In this message, I showed this two minute video: “Blue” by Tech Insider.
The video shows us that a word for the color “Blue” usually develops much later in most languages than do words for “Black,” “White,” “Red,” “Green” or “Yellow.” So, the question is “Can people without a word for ‘Blue’ in their language actually see the color we know as ‘Blue’?” The video answers this question by presenting convincing evidence that people have great difficulty in distinguishing Blue from other colors when they have no word for Blue in their language.
This suggests several things – any one of which would be sufficient for a brief “Message for All Ages” – pick the one that suits your situation best…
- What are we missing?
If we do not have a word for something, or if our conception of it does not match the reality of that something, then can we see it (or, if so, are we seeing it correctly)? Cases that spring to mind: homelessness, hunger, racism, sexism.
But, the real challenge is the “isms” do we not have a word for yet, and which we are therefore completely unaware of. A good one to bring up in this context might be the concept of “Ableism.”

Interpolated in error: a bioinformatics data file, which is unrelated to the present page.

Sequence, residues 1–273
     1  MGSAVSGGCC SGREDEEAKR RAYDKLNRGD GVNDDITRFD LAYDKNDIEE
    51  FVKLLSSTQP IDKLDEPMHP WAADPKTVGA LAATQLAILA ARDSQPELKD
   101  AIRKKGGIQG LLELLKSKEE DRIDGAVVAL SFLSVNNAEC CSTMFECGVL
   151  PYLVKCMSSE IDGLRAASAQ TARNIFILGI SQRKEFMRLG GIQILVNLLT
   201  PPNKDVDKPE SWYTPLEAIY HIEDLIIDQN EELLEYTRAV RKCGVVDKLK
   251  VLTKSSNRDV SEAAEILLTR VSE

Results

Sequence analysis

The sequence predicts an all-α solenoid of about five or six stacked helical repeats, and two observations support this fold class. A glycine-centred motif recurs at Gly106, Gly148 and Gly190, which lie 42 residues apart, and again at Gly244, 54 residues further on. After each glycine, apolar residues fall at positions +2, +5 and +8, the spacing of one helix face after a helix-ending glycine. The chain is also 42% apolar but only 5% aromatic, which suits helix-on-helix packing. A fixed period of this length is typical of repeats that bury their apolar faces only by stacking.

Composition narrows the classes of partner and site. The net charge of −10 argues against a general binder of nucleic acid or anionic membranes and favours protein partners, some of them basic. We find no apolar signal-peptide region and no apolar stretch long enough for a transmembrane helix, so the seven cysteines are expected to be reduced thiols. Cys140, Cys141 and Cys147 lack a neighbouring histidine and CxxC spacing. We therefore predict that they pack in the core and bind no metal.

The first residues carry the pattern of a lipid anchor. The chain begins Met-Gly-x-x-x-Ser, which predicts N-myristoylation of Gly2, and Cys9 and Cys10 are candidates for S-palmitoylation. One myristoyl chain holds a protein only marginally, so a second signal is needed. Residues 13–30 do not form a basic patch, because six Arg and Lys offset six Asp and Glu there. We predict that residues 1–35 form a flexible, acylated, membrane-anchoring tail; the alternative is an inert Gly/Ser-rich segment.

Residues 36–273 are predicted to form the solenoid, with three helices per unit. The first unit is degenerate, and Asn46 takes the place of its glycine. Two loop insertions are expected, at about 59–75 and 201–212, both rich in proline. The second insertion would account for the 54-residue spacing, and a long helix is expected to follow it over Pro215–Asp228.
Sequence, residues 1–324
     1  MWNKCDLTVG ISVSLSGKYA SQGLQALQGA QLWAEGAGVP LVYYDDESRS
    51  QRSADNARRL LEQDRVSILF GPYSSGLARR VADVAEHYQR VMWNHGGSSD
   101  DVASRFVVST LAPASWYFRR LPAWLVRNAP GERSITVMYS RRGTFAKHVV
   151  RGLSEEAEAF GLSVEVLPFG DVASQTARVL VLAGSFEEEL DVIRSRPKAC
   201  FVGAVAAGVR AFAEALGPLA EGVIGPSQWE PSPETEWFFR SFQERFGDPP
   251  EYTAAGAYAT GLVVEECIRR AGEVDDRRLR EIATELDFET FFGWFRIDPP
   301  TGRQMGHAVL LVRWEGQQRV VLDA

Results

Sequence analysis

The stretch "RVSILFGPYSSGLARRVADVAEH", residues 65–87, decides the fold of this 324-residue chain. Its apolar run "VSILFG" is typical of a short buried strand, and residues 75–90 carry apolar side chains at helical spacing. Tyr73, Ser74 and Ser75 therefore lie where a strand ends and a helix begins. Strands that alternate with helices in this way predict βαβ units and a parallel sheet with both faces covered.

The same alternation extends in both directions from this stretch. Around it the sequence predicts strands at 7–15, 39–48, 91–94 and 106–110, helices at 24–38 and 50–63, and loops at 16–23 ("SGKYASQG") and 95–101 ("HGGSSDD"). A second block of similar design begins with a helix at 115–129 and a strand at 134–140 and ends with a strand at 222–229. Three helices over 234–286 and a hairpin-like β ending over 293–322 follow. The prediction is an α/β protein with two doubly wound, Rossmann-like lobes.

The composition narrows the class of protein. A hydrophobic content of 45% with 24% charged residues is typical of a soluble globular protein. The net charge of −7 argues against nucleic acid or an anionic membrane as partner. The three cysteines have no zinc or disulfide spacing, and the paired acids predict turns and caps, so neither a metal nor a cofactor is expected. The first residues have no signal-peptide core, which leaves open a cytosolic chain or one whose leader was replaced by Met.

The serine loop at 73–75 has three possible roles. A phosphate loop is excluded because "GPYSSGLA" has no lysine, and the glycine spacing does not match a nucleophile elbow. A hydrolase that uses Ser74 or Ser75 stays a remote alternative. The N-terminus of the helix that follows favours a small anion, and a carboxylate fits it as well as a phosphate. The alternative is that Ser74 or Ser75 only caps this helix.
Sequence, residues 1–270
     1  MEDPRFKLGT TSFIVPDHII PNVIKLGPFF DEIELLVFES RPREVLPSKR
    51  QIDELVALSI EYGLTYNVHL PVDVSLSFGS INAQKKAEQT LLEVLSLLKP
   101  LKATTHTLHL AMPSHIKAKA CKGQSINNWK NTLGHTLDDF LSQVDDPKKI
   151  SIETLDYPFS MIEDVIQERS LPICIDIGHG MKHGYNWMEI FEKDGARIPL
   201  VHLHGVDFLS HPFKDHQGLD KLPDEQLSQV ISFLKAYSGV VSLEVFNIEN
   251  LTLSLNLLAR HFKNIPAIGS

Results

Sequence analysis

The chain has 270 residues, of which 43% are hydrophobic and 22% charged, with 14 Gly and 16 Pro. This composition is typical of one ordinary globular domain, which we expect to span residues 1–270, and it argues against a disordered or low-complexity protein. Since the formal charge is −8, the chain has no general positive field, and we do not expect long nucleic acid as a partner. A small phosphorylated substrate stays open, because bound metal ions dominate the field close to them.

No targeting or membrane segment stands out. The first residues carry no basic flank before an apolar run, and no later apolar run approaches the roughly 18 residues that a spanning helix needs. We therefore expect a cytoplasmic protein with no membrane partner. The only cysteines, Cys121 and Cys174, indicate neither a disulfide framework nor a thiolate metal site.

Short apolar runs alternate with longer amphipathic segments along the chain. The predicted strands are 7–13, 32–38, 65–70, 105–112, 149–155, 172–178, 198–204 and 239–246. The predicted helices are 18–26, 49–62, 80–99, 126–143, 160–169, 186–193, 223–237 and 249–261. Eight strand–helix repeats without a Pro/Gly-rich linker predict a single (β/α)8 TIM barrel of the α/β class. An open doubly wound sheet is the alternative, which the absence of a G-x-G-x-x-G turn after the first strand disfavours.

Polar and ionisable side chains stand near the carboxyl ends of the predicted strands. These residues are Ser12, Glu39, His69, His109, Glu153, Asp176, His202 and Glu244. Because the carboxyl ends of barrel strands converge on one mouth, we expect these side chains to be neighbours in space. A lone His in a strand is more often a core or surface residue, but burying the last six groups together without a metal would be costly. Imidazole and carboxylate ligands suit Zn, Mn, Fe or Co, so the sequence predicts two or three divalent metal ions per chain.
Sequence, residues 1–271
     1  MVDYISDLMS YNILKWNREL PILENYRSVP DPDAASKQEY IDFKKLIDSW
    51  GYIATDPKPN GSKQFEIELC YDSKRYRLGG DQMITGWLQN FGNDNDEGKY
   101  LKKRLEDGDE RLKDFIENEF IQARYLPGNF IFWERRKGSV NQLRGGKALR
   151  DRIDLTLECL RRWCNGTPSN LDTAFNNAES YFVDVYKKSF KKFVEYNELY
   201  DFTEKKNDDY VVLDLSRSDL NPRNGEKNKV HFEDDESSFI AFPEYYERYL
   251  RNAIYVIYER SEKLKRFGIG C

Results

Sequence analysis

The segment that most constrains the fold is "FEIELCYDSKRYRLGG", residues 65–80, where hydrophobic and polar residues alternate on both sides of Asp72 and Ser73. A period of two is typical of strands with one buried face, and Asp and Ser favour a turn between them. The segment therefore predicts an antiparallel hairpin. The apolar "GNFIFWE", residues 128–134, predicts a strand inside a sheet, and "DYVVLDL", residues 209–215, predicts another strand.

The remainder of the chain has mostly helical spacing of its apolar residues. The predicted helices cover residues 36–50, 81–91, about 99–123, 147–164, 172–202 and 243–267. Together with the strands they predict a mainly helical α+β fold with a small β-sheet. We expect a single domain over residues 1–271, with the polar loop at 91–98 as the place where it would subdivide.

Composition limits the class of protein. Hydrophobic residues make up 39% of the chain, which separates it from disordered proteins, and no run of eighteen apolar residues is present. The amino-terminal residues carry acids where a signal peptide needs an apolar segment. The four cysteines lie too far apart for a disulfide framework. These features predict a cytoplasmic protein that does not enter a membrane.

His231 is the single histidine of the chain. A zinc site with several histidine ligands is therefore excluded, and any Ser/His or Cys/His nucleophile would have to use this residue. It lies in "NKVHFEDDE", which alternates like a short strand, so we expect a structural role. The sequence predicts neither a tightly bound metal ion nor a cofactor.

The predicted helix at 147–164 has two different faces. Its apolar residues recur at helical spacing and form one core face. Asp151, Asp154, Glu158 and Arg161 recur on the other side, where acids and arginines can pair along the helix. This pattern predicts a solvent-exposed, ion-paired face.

- Meaning and Understanding Change Over Time
The most ancient portions of the Bible tend to portray God as very “Black and White.” But, as the faith developed (and newer portions were written) we see the understanding of God, as presented in the Bible, becoming much more nuanced and complex over time. So, it would seem that while God may be unchanging; our perception of God is always changing, and becoming fuller and more “colorful” over time. This occurs with each new generation of believers; as well as within our own lives as we become older (and, presumably, wiser).
By the way – this calls into question the basis of many teachings that rely on a “Fundamentalist” understanding of the Bible. While it may be true that the Bible is (as Fundamentalism believes) unchanging and inerrant, our understanding of it certainly is not. Therefore, all faith teachers must remain aware that their understanding of the Bible (and our Faith) is always to some extent incomplete and faulty.
- My Understanding Doesn’t Match Yours, and That’s OK
The African Tribe members could easily distinguish between the differently shaded green squares, even though very few in our congregation could do so. This suggests that while we may have a broader vocabulary or conceptual framework in many ways, the depth of our understanding on many things may not be as full or complete as their understanding of the same concept is.
Copyright (c) 2016, Allen Vander Meulen III, all rights reserved. I’m happy to share my writings with you, as long as proper credit for my authorship is given. (e.g., via a credit that gives my full name and/or provides a link back to this site – or just email me and ask!)